it is a temper of the will, a quality of the imagination, a vigor of the emotions, a predominance of courage over timidity….
Nobody grows old by merely living a number of years; people grow old only by deserting their ideals. 
Years wrinkle the skin, but to give up enthusiasm wrinkles the soul. 
Worry, doubt, self-distrust, fear and despair—these are long, long years that bow the head and turn the growing spirit back to dust.

Whether 70 or 16, there is in every being’s heart the unfailing childlike appetite for…the joy of the game of life. 
You are as young as your faith, as old as your doubt;
as young as your self-confidence, as old as your fear;
as young as your hope;
as old as your despair. 
So long as your heart receives messages of beauty, cheer, courage, grandeur and power from the earth, from man and from the Infinite, so long are you young.

Sunday, February 17, 2013

What We Do & Who We Are

In a perfect world, what we do and who we are fall into a beautiful alignment. Even in our imperfect world, there are those who find this alignment…some for a season and a few for a lifetime.

My job title is “Institutional Effectiveness & Assessment Analyst.” Seeing my title, you might actually think that I am an analyst. But, you’d be mistaken. You see, in my heart, I am a teacher, an educator. A set of circumstances in the last year moved me into this position, but I’ll save that for another time. Suffice to say, what I do is not in line with who I really am. I don’t love that, but it is what it is.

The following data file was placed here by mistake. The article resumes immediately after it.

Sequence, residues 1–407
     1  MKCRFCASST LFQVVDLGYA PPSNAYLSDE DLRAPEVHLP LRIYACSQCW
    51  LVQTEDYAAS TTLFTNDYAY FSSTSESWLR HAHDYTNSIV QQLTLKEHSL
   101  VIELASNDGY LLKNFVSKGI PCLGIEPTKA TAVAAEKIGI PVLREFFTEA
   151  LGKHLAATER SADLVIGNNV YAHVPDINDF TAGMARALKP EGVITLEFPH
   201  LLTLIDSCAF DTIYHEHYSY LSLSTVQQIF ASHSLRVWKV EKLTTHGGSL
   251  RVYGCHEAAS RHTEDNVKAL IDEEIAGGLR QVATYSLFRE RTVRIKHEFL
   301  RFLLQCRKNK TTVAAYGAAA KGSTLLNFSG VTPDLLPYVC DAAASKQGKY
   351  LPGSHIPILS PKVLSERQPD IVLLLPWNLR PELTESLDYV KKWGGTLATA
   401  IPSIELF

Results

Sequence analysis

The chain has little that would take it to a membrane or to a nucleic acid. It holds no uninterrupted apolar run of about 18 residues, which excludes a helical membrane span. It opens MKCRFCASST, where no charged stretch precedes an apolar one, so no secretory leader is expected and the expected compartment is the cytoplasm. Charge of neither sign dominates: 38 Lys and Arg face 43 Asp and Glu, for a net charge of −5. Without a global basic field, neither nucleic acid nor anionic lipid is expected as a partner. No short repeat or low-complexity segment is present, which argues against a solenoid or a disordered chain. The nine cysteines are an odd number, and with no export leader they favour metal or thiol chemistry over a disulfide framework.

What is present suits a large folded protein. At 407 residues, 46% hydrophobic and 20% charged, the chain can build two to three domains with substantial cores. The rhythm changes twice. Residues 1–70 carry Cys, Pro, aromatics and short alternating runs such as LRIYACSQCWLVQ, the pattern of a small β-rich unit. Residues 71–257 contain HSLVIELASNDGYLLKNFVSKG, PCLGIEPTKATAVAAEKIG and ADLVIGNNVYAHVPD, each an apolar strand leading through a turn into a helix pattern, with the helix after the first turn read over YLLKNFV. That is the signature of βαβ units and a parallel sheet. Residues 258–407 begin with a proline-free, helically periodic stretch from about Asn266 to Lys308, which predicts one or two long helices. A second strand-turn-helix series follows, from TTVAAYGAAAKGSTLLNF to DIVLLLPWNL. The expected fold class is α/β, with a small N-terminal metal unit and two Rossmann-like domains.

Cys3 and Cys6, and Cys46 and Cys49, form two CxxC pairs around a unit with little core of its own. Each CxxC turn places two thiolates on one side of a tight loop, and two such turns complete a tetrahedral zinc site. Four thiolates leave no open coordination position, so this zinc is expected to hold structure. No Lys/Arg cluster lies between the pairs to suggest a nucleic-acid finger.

However, in my position as an analyst, I do have the freedom to teach a course each semester at our college. The Office of Institutional Effectiveness & Assessment ‘owns’ me for eight hours a day, but before or after those eight hours, I am free to do as I wish. And, thanks to a wonderful English department chair and a constant need for adjunct instructors, I get to teach an evening course each semester.

Now, I could have taken an attitude of “all or nothing”—I want to be a teacher, or I want nothing to do with it. But if I did that, I would miss out on knowing the 18 wonderful students I have this semester, students whose lives I’m entering, with whom I’m sharing my life. I’m teaching them writing…and—hopefully!—a whole lot more. Since I need to work to support my family, I’ll take the analyst job and make the very best of it; since my soul burns to teach and be with students, I’ll take whatever teaching opportunity—large or small—that comes my way.

I have a feeling that this same disjunction happens in the life of faith. What we do and who we are spiritually often doesn’t line up either. So many followers of Jesus want to spend their lives in service to God…but there’s work at banks, firms, restaurants, etc. Many, I’m sure, would enjoy spending day after day losing themselves in Scripture, song, or prayer…would prefer to be far away in a distant land sharing the faith through friendships…would rather be constructing a house of worship or training young Christian leaders. But, what they do and who they are just don’t line up.